SOURCE: Amarillo Biosciences, Inc.

February 03, 2010 11:37 ET

Amarillo Biosciences Announces Preliminary Results That Indicate Influenza-Like Illness Incidence Reduced From 71% to 43% in Vaccinated Patients Treated With Oral Interferon, Symptoms Also Lessened

Analysis of Australian Phase 2 Oral Interferon Clinical Trial Continuing

AMARILLO, TX--(Marketwire - February 3, 2010) - Amarillo Biosciences, Inc. (ABI) (OTCBB: AMAR) today announced preliminary results indicating that, in a recently completed Phase 2 clinical trial conducted in Perth, Australia at the University of Western Australia with Professors David Smith and Manfred Beilharz as principal investigators, the rate of influenza-like illness was significantly (p=0.01) reduced from 71% to 43% in interferon-treated subjects who received Fluvax (an influenza vaccine) prior to the study, compared to subjects in the placebo group who were vaccinated.

While the overall incidence of cold and flu symptoms was similar between the groups, significantly fewer (p < 0.05) subjects in the interferon group experienced moderate to severe feverishness and head congestion, compared to the placebo group. The rate of other moderate to severe cold and flu symptoms was also reduced in the interferon-treated group, but to a lesser degree. The initial analysis shows an overall shift in the interferon group toward milder symptoms, compared to moderate or severe symptoms in the placebo group, regardless of vaccination status.

In this study, 200 healthy human volunteers took a once daily dose of oral interferon or placebo for 16 weeks during the Australian cold and flu season. There was a 4-week untreated follow-up period, so each subject's participation in the study was 20 weeks. The study was funded by the Department of Health Western Australia and ABI, which supplied the low dose interferon alpha and matching placebo used in the trial.

Blood samples were collected at the beginning and the end of the study, but serology to determine which viruses infected the subjects has not yet been undertaken. The serology will help identify those subjects who had an increase in antibodies to particular cold and flu viruses, including the H1N1 influenza virus which circulated in Perth during the trial period.

These preliminary results from Perth mimic the recent (2007-2009) published reports that mice, guinea pigs and ferrets given interferon orally or intranasally experienced less severe influenza than placebo-treated controls. Moreover, the current results agree with reports published decades ago in the former Soviet Union and Bulgaria that thousands of people had less severe influenza when interferon was given in nose drops.

Assoc. Prof. Manfred Beilharz said, "In my opinion, compared to the toxicity and expense of Tamiflu, prophylactic low dose oral interferon may be superior in managing influenza. Ten doses of Tamiflu over 5 days were compared in 2009 to two doses of intranasal interferon in ferrets. Interferon was as good or better in every comparison (less flu virus in nasal washes, reduction in clinical signs and more exercise endurance). The human data from Perth will guide the design of a follow-up clinical trial to start in May 2010 in the same city. Further analysis of the data from the Perth study including the serology and detailed stratification will be announced as it becomes available."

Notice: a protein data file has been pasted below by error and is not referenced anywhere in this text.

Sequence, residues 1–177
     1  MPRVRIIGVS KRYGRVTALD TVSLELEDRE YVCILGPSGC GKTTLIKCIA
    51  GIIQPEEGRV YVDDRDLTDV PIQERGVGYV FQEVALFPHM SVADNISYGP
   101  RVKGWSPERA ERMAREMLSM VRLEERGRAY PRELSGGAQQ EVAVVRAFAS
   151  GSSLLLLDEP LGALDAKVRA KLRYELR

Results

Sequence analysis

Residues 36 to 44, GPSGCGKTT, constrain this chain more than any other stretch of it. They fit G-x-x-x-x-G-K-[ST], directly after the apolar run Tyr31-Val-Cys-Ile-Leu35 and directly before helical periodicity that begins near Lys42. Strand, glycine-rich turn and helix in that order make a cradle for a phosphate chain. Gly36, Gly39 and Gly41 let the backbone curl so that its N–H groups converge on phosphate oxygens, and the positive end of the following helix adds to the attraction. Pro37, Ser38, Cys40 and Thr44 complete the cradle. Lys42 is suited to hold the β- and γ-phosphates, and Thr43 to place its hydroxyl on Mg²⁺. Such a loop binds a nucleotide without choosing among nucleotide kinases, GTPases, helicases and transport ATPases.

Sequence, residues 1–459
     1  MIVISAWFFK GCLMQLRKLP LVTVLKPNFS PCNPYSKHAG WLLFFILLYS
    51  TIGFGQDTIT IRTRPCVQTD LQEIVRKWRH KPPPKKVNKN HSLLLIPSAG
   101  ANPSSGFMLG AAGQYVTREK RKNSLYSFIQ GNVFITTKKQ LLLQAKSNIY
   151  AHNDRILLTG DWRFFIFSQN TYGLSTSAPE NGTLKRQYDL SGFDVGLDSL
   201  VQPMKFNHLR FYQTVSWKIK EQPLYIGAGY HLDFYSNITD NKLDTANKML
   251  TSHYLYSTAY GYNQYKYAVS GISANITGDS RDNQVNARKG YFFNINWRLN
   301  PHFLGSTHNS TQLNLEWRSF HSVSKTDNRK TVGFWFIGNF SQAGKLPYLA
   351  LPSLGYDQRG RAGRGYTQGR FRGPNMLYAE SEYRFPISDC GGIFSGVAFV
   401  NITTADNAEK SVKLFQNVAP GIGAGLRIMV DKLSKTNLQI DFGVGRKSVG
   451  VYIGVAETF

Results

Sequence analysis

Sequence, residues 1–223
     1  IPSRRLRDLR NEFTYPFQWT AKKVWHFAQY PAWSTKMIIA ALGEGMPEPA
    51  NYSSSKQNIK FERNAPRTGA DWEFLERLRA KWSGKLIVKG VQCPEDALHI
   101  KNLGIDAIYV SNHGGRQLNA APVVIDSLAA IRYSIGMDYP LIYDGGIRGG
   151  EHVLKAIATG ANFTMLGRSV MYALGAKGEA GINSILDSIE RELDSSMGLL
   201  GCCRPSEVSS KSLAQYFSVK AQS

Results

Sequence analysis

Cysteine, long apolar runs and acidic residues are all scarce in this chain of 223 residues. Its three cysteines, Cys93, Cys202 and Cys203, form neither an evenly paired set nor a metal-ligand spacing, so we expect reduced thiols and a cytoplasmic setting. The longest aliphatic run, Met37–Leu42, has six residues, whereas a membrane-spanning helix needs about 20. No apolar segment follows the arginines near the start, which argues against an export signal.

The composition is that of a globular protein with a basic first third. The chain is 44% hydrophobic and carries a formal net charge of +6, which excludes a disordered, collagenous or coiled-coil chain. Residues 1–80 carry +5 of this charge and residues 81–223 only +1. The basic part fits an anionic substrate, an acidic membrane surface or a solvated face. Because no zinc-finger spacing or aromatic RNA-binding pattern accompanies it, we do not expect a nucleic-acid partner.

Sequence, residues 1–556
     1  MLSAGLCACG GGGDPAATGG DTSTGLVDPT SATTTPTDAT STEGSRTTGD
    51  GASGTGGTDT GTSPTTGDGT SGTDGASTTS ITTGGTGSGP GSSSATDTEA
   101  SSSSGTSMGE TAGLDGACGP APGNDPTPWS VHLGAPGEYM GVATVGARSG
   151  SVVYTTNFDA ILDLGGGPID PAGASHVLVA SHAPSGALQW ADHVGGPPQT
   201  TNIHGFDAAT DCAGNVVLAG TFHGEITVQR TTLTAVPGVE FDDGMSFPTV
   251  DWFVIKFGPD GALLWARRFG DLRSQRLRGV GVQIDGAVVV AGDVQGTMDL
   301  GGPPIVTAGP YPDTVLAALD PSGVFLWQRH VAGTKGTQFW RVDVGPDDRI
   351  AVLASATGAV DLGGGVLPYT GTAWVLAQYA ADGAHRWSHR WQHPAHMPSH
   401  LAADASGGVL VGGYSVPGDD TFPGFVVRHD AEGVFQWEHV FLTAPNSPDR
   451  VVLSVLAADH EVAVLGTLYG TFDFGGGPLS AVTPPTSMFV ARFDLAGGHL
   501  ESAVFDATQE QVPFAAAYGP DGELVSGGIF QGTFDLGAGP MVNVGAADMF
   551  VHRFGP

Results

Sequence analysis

Dr. Joseph Cummins, President of Amarillo Biosciences, Inc., remarked, "These human results are quite similar to results when oral interferon was given to animals. Oral interferon has been tested extensively in dogs, cats, horses, cattle, hogs and mice. In nearly every animal study, oral interferon did not stop disease, but instead modified the disease so it was less severe than disease in animals given placebo. When dosed with oral interferon, dogs with parvovirus, cats with feline leukemia, cattle with respiratory tract disease ('shipping fever'), horses with inflammatory airway disease, hogs with various viral infections and mice with influenza had less severe disease and a shorter duration of illness." 

About Amarillo Biosciences

Amarillo Biosciences, Inc. is a U.S. biotechnology firm operating in global partnership with the Hayashibara Group, which also holds 5.9% of Amarillo Biosciences shares and has provided over $18 million in loans, grants and equity investments. The Company's primary focus is extensive and ongoing R&D into the use of low-dose, orally administered interferon as a treatment for a variety of conditions, including influenza, hepatitis C, chronic cough, and opportunistic infections in patients who are HIV positive. In its 25-year history, the Company has invested nearly $40 million to establish oral interferon as a therapeutic agent. The majority of those funds were invested in clinical trials in an effort to achieve FDA approval for interferon. Additional information is available on the web site at

Except for the historical information contained herein, the matters discussed in this news release are forward-looking statements that involve risks and uncertainties, including uncertainties related to product development, uncertainties related to the need for regulatory and other government approvals, dependence on proprietary technology, uncertainty of market acceptance of oral interferon or the Company's other product candidates and other risks detailed from time to time in the Company's filings with the Securities and Exchange Commission. In particular, see "Item 1. Description of Business" and "Item 7A. Qualitative and Quantitative Disclosures About Market Risk" of the Company's Form 10-K for the fiscal year ended December 31, 2008. 

Contact Information

  • Investor Relations:
    Philippe Niemetz
    PAN Consultants, Ltd.
    Tel: 800-477-7570; 212-344-6464
    Fax: 212-618-1276

    Joseph M. Cummins, DVM, PhD
    Amarillo Biosciences, Inc.
    Tel: 806-376-1741 x 13
    Fax: 806-376-9301